By Brett Kennedy
THE return of Mount Gambier’s traditional Anzac Day parade was strongly supported by residents who lined Commercial Street to pay their respects, treated to an impressive flyover by a Royal Australian Air Force P-8A Poseidon.
The city’s oldest World War II veteran and airman – 101-year-old Jack Hopgood – led the procession down the city’s main thoroughfare, a fitting touch as the RAAF marks its centenary in 2021.
Residents who had gathered to watch the parade did not have to wait a minute past 10.25am – the scheduled flyover time – with the maritime patrol aircraft cruising low across the cityscape.
At the mid-morning service, Mount Gambier Mayor Lynette Martin highlight the importance of Anzac Day to the nation, stating the Anzac values of loyalty, selflessness and courage would help carry on the spirit of the Anzacs.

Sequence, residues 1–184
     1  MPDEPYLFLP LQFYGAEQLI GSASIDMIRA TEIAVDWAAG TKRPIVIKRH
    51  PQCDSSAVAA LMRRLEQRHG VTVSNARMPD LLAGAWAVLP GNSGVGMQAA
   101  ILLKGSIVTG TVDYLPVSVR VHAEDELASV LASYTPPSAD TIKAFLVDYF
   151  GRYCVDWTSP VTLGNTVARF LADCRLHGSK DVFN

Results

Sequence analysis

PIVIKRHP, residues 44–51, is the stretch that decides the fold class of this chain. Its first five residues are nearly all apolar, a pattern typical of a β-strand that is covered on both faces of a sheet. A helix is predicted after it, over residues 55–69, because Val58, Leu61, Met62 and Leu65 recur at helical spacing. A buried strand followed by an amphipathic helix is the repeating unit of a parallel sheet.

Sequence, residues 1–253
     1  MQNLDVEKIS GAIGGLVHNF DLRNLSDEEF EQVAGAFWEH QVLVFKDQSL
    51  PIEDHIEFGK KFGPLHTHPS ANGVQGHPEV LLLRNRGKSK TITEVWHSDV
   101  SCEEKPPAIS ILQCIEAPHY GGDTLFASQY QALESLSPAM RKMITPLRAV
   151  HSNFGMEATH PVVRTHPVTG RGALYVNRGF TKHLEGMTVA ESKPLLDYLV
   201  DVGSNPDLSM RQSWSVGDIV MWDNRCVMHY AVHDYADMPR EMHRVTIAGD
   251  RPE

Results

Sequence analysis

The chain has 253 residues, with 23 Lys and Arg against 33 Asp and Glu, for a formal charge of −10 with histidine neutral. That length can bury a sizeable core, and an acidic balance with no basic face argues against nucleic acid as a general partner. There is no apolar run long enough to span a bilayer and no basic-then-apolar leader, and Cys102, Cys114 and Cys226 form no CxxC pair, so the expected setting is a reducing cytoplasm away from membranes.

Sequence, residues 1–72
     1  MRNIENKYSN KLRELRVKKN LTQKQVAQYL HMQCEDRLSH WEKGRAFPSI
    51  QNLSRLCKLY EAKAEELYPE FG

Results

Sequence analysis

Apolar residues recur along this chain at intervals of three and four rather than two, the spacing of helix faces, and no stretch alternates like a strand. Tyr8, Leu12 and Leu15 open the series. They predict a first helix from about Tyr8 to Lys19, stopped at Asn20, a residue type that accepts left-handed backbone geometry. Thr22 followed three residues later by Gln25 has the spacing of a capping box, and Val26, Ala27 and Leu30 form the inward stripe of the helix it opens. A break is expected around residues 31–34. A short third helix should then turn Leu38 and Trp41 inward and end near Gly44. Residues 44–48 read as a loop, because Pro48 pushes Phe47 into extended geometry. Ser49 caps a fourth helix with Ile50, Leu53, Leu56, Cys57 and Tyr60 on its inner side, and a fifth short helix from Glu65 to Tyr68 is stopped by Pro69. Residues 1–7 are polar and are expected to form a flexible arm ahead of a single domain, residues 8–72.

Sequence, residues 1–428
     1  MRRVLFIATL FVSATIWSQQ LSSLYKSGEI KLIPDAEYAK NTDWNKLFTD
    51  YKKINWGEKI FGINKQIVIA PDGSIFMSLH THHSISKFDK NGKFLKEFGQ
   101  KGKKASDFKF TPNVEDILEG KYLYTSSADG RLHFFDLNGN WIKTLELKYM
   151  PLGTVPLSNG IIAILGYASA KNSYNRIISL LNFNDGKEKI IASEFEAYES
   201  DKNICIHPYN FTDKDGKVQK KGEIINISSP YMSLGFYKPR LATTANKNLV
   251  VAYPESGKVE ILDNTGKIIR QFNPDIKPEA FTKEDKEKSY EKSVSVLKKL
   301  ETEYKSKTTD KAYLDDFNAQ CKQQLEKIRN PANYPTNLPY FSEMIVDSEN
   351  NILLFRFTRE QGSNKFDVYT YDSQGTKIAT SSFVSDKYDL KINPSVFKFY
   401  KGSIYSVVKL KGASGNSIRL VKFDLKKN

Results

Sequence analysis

Royal Australian Navy captain Matthew Richie – a special guest in the Blue Lake city over the Anzac Day weekend – retold the story of Victoria Cross recipient Edward ‘Teddy’ Sheean, who posthumously received the honour on December 1 last year, 78 years since the day he died death.
Capt Richie said Teddy was the first Royal Australian Navy member to receive the nation’s highest award for valour.
Teddy Sheean lost his life on December 1, 1942 while serving on HMAS Armidale, which was attacked by no less than 13 Japanese aircraft.
As the corvette listed heavily to port and the order was given to abandon ship, with enemy aircraft gunning down Australian service people in the water.
Teddy Sheean – already wounded – returned to his gun station and shot down one aircraft and damaged others to protect those in the water, sinking with the vessel.
“Only 49 of the 149 men who had been onboard survived the sinking and the ensuing days in life rafts,” Capt Richie recalled.
Many of these men credited their lives to Sheean, one man who did all that was possible to save his ship mates.
“Teddy Sheean was 18 years old.”